A quick overview of Cell

This mini-overview is intended as a more accessible alternative to the full-length one, which many people found somewhat confusing. It focuses more on the rational for developing the language, rather than the details of it, and it may be worth reading even if the main overview is clear to you. It's incomplete and in draft form, providing many bits of information in random order, and makes no attempt to arrange them into a more coherent whole. It's also in a state of flux: I'll keep expanding and amending it for the foreseeable future.

The reason Cell exists at all is to combine functional programming and the relational model, with the former providing the computational capabilities and the latter the ability to easily encode, navigate and update complex information/state, with many different types of entities and relationships between them.

It also borrows other ideas from the database world: chief among them is the practice of removing all forms of redundancy from the data structures that are used to encode the state of an application. There are two main reasons for this: first of all, a data structure that contains little or no redundancy is much less likely to be left in an inconsistent state by a buggy update. Secondly, the code that updates the state of the application becomes a lot simpler, simply because there are fewer things to update.

Redundancy includes not only information that is duplicated, but also information that can be derived from other information that is already present in the dataset. Eliminating derived information is more difficult than doing the same with duplicate one of course, because there are in many cases performance issues. In order to address those, Cell is meant to include in the future several forms of memoization, but that's a long-term effort.

A paper that came out more than a decade ago, "Out of the tar pit" (just google it), explains in more detail the notion of "essential state" (as opposed to "derived state") and the idea of combining functional programming and the relational model. This project is not associated in any way to the authors of that paper, and the particular flavor of the relational model implemented in Cell is very different from the one advocated in it, but until the documentation on this website is complete, that's probably the best reference to those ideas I can point you too.

I believe the relational model is by far the best data model I know of, and that it's far superior to the records+pointers data model used by most imperative programming languages, and by object-oriented languages in particular. I can't explain why in just a few lines, though. It's a part of the website/documentation I'm still working on, but which I hope to publish relatively soon. Note however that the relational model is not the same thing as SQL: in SQL databases the relational model is saddled with a number of limitations that would not be acceptable for a programming language (like the fact that the types of the columns in a relation/table can only be chosen from a few predefined datatypes) and SQL itself is of course an abomination of a query language. But that's not the only way to do it, just like C++ is not the only way to do OOP.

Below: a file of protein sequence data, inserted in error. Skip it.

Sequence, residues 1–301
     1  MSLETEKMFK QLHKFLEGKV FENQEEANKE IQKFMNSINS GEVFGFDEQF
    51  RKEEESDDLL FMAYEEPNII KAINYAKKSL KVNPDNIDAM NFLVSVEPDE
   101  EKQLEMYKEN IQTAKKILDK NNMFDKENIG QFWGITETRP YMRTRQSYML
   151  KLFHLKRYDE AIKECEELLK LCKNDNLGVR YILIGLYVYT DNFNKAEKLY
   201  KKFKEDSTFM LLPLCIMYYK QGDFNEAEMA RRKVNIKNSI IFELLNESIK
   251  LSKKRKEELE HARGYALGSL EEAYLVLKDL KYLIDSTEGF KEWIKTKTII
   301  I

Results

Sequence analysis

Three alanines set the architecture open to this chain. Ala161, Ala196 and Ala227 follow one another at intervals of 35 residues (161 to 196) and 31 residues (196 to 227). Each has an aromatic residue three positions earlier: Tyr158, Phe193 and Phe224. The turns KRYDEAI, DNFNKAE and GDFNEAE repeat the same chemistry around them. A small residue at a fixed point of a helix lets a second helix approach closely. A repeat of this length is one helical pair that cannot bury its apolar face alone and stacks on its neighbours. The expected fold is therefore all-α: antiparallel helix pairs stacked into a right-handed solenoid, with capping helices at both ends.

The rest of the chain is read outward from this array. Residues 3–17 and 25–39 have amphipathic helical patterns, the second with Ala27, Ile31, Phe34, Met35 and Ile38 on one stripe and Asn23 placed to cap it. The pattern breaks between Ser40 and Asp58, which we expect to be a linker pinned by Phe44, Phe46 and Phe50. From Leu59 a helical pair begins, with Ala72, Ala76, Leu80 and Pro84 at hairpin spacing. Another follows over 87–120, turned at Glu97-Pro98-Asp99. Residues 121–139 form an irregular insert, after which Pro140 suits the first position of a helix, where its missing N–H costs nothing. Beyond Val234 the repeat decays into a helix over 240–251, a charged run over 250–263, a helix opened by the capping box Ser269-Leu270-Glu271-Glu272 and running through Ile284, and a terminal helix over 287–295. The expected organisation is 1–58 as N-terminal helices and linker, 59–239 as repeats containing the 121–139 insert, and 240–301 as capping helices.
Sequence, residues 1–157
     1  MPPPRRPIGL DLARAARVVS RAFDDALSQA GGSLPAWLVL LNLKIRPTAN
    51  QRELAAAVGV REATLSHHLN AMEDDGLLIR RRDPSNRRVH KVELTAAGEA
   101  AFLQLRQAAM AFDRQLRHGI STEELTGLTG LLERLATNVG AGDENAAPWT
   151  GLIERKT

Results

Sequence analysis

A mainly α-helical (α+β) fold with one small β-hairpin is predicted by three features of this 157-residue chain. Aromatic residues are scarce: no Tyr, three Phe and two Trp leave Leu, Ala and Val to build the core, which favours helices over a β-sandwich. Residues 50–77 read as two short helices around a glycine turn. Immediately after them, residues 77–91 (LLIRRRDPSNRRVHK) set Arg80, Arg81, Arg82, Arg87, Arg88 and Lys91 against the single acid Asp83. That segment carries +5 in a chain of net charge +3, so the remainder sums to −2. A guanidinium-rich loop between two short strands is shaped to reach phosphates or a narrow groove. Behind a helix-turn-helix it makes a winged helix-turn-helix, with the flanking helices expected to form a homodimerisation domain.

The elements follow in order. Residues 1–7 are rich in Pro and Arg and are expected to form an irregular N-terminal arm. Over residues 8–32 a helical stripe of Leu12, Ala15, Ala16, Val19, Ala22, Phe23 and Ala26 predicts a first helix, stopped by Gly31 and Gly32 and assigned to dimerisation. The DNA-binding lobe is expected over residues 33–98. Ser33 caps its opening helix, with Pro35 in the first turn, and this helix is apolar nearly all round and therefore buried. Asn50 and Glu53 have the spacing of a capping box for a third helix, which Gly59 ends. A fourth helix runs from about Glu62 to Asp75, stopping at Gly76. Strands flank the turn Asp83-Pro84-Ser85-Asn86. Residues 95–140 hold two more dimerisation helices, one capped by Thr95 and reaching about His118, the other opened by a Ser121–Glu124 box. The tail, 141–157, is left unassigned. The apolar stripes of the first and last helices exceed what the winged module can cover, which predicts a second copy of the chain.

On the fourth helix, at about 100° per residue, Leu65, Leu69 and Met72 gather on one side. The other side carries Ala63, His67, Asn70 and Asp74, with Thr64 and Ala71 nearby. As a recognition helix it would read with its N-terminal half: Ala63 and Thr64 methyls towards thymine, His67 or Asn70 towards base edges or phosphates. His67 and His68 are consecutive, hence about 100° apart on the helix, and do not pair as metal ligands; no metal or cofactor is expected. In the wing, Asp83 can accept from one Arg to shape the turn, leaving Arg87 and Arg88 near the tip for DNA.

Cell's own compiler is written in Cell, but that doesn't mean Cell was intended to write compilers. Generally speaking, Cell was not designed to do the things that existing functional languages already do well. Quite the opposite, actually: it's designed to build stateful systems.

The target application for Cell is actually a particular type of stateful systems. Let's agree to call them "reactive systems", or maybe "event-driven systems", in what follows. These systems are usually at rest (meaning that there's no code being executed, no call stack, and no instruction pointer) and when they are the only property they have is their state. They react to external events by changing their state, which is conceptually an atomic, all-or-nothing operation. Their new state after an event depends only on the state before the event and the event itself. They do not do any sort of I/O, and are totally oblivious to the world around them.

It's a very general concept, that can be applied to many types of applications. An example is The Elm Architecture. In order to create a web application in Elm, you've to define the type of the state of your application; an initial state for it; the types of all messages it can receive; and a transition function that given the current state of the application and a message returns the new state of the application. There's actually more than this, but let's ignore that for now.